Though not every job candidate will end up working for your company, how they perceive the hiring experience can have a lasting impact on Talent Acquisition. A great candidate experience often leads to a larger candidate pool and a stronger company brand. Since every company has the opportunity to make a positive impression, the Talent Board recognizes companies with the best candidate experience in their annual CandE Awards. Here are four tips on how to not only provide a great candidate experience but also put you in the running for an accolade.
Keys to Success:
Though the interaction between the recruiter and the candidate play a significant role in the recruiting process, the “devil is in the details” and your coordinators can make or break an experience. Whether managing the logistics of interview scheduling and/or site visits, ensuring that the interviewers show up on time (or just show up!), or checking in with the candidate throughout the day, the coordinator often represents your organization’s first impression. Has anyone thought to bring a snack basket with drinks to a candidate’s interview? I had a coordinator who considered this small detail, and the candidates raved about the thoughtfulness. They seemed to barely remember anything else when asked about their day.
Get Back to Candidates
The Talent Acquisition team needs to remember what it felt like to be a candidate. I think almost every candidate will agree that not hearing back on the status of their resume is a pet peeve. Candidates will usually assume that they did not get the job if they do not hear from you, but that does not mean they should have to wait. While a personal email speaks well for your company, if that does not work given your volume of candidates, at least setup an auto-response to decline candidates at the end of each search.
Make the Application Process Easy
Some companies tell you upfront that it takes as much as 20 minutes to apply for a job. In those instances, at least you know the time commitment upfront! It can be much worse when candidates get into the middle of an application process and then realize that the application keeps going and going. A lot of strong candidates will drop out if they get frustrated by a lengthy process. Take a look at your current application. Do you really need to ask everyone to fill in each place of employment, with references, back 20 years, when they most likely will not even be phone screened? We set up a process where candidates upload their resume and then answer 5-6 questions. Once a candidate is in the process, we then ask for a complete application.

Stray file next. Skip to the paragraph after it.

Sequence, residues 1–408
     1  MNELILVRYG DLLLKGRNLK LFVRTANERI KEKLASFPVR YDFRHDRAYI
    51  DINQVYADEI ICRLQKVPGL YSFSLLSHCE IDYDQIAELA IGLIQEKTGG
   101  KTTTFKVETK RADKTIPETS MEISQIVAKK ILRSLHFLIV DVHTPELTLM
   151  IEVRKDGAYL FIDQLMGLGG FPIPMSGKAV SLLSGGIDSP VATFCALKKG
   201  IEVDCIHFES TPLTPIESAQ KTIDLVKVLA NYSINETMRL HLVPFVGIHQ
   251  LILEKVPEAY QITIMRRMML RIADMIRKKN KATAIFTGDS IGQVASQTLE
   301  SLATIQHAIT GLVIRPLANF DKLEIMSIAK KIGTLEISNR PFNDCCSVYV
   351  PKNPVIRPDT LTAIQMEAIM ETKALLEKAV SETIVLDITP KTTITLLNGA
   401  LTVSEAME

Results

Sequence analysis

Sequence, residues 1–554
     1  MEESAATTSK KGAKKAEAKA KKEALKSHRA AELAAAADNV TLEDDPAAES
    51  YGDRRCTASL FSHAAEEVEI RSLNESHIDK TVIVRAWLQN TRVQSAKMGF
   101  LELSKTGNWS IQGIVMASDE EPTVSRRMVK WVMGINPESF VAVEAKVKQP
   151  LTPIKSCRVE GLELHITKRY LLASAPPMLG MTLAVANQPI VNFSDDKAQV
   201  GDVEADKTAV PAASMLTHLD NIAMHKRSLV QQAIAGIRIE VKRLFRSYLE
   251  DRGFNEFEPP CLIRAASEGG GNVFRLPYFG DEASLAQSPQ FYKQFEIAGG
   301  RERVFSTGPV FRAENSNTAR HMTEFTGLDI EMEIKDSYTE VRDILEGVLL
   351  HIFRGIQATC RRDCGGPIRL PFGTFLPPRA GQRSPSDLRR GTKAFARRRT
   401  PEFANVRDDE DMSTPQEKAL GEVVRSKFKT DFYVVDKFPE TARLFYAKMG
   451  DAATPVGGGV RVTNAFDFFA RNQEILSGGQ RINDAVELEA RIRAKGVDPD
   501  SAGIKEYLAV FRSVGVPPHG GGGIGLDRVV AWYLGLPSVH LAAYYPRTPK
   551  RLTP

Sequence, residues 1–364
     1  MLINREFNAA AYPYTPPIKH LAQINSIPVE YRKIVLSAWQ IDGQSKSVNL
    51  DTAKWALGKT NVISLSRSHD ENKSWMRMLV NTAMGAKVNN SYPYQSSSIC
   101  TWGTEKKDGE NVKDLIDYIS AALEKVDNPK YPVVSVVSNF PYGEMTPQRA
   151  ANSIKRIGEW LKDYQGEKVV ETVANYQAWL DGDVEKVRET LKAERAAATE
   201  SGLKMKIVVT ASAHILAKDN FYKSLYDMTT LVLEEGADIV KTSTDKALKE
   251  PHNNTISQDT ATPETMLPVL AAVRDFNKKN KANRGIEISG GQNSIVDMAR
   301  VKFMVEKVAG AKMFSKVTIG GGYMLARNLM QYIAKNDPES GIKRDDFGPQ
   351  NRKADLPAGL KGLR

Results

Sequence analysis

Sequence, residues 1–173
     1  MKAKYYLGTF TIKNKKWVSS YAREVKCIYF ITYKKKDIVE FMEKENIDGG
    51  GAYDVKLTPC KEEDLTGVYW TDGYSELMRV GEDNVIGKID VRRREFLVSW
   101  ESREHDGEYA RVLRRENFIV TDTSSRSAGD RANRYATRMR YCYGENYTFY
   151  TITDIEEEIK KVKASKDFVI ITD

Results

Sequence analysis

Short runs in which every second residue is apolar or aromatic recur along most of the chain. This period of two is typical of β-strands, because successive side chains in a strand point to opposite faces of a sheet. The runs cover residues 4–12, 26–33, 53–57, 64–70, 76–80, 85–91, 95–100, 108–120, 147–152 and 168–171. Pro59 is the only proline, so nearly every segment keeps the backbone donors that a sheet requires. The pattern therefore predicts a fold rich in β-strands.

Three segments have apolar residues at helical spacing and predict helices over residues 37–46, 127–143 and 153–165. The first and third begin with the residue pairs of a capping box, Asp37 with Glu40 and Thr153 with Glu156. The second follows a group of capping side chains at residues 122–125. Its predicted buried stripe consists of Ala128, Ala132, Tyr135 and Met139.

Train the Hiring Manager on Interviewing Techniques and the Interview Process
This can be very difficult to do since most managers believe that they already know how to conduct an interview. However, this helps ensure that the candidates have a more positive experience. A good hiring manager should ensure that the interview team members refrain from asking or probing for the same competencies. Nothing irritates a candidate more than having five different interviews with essentially the exact same set of questions. Even worse, an untrained interviewer who does all of the talking decreases the time available for the candidate to tell his/her story.
To design a great candidate experience really requires you to put yourself back in the shoes of someone looking for a job. The little things can add up and ultimately result in a positive or negative experience. Companies do not want to lose candidates due to a cumbersome or poor application and interview process. Besides, the candidate that was declined today, could become one of your best customers down the road.